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How Social-Media Icons Changed Headlines

November 16th, 2010

social media iconsDavid Carr writes an insightful piece on how keyword-heavy headlines have destroyed the noble — or at least comedic — art of newspaper headline-writing:

Headlines in newspapers and magazines were once written with readers in mind, to be clever or catchy or evocative. Now headlines are just there to get the search engines to notice. In that context, “Jon Stewart Slams Glenn Beck” is the beau ideal of great headline writing. And both Twitter and Facebook have become republishers, with readers on the hunt for links with nice, tidy headlines crammed full of hot names to share with their respective audiences.

In a prior post, I discussed how search-engine software changed advertising — online publications have a different strategy altogether from print ones. And headlines have also changed as a result.

Here is one example. Way back in 2000, the Boston Herald — a daily tabloid known partly for its headlines — published an infamous headline on its front page: “Jane erred.” The article was on an apology from former Gov. Jane Swift’s for using a taxpayer-funded helicopter and personal aides to help with her baby care.) Obviously, the headline was a pun on Charlotte Bronte’s novel “Jane Eyre.”

But such a headline would not work in today’s Internet-driven world simply because few people will search for “Jane Erred” in Google unless they are specifically looking for that Boston Herald article. Copy editors now write for Google, not their readers, by inserting relevant “keywords” (in search-optimization jargon) in headlines that match common search terms in order to attract readers.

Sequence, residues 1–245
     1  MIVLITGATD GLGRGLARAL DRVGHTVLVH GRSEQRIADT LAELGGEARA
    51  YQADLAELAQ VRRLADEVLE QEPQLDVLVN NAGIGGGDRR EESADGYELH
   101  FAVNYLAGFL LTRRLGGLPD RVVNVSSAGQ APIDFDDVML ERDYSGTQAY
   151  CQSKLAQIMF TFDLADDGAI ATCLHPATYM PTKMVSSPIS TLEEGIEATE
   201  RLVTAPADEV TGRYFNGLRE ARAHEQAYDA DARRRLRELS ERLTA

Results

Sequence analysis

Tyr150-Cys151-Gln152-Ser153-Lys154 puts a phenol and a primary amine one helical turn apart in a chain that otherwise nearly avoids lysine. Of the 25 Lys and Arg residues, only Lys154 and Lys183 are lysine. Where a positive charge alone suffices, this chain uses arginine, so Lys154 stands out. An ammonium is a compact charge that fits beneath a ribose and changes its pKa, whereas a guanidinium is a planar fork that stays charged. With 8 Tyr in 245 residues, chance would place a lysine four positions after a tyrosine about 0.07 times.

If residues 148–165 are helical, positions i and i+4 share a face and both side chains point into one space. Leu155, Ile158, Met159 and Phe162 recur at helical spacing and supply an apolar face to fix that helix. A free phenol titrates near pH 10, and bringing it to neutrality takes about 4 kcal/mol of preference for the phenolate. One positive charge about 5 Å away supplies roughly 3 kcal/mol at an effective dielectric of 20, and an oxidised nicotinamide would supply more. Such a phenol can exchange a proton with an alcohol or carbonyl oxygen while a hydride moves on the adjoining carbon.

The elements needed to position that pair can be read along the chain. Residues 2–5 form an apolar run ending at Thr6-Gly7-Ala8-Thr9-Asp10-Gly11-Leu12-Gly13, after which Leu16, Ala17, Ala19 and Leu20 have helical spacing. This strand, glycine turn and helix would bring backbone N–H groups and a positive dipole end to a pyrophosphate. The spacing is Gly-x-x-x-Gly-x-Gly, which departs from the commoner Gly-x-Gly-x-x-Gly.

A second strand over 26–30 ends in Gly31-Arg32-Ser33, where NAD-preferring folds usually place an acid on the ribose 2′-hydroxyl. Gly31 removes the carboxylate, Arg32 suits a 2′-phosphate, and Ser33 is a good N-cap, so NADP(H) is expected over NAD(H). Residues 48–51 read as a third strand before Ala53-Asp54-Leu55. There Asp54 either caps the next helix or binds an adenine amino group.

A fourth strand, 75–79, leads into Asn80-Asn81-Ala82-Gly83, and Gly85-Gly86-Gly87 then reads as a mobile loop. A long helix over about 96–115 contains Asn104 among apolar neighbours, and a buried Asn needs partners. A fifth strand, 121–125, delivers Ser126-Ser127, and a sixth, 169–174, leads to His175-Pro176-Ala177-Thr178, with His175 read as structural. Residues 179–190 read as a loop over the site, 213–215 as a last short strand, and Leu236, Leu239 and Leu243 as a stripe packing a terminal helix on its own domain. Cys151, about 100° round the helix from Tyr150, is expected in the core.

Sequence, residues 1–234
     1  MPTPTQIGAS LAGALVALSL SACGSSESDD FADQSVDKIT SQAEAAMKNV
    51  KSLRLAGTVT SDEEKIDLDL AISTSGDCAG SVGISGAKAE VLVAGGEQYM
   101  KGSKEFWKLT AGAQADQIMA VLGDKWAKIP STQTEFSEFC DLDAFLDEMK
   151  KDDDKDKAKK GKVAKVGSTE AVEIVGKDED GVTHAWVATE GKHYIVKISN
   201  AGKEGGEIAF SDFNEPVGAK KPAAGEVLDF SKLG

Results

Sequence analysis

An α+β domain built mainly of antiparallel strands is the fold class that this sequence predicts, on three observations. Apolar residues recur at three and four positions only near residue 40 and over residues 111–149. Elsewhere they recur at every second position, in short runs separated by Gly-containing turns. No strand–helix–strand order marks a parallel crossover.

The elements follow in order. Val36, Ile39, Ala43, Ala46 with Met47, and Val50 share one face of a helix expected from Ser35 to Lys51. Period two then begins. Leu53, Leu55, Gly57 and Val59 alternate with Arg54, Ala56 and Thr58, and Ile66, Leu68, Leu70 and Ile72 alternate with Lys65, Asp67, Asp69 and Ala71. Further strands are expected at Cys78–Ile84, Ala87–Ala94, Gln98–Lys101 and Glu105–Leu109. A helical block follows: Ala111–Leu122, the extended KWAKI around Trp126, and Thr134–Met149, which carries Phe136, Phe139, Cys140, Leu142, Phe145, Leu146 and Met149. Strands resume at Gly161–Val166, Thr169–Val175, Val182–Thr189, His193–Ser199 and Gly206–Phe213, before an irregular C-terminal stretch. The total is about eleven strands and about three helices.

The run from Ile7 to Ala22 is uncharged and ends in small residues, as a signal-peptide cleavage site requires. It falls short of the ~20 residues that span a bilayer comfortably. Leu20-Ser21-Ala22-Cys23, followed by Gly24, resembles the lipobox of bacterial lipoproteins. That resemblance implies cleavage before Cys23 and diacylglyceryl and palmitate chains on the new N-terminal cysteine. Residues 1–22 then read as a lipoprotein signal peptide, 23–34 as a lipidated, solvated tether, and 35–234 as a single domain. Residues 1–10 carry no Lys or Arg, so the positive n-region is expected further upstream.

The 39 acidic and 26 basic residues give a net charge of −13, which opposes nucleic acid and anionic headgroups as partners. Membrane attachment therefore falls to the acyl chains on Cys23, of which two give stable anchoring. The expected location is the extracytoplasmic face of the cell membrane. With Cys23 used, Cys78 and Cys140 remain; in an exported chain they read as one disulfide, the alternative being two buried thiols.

For example, the headline of this post is both provocative — countless online marketers are searching for information on Internet marketing and headlines — and relevant to Google with the search term “Internet marketing.” And the first hyperlink at the top contains the anchor-text “keyword-heavy headlines.”

Social-Media Icons: Their Effect on the Media

Carr takes this strategy to its logical conclusion in his column (headlined “Taylor Momsen Did Not Write This Headline”):

Don’t know who Taylor Momsen is? Neither do I, beyond that she is the mean one on “Gossip Girl.” But Facebook knows her well, Twitter loves her, and she and Google have been hooking up, like, forever.

One more fact about Ms. Momsen: she has nothing to do with this column, let alone the headline. But her very name is a prized key word online — just the thing to push my column to the top of Google rankings.

I do not know Momsen, either — but I put a picture of her on this post just to emphasize the point. (And, well, to get some additional traffic from searches for her name.) But Carr’s point remains: Publishers today are adjusting their strategies in an Internet-driven culture. And, for better and for worse, that means doing whatever Google likes.

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Samuel J. Scott, a former journalist in Boston turned Internet marketer in Israel, is the founder and publisher of My SEO Software and Director of Digital Marketing and Communications and SEO Team Leader at The Cline Group. You can follow him at Google+, LinkedIn, Facebook, and Twitter. His views here and elsewhere do not necessarily reflect those of his company and clients.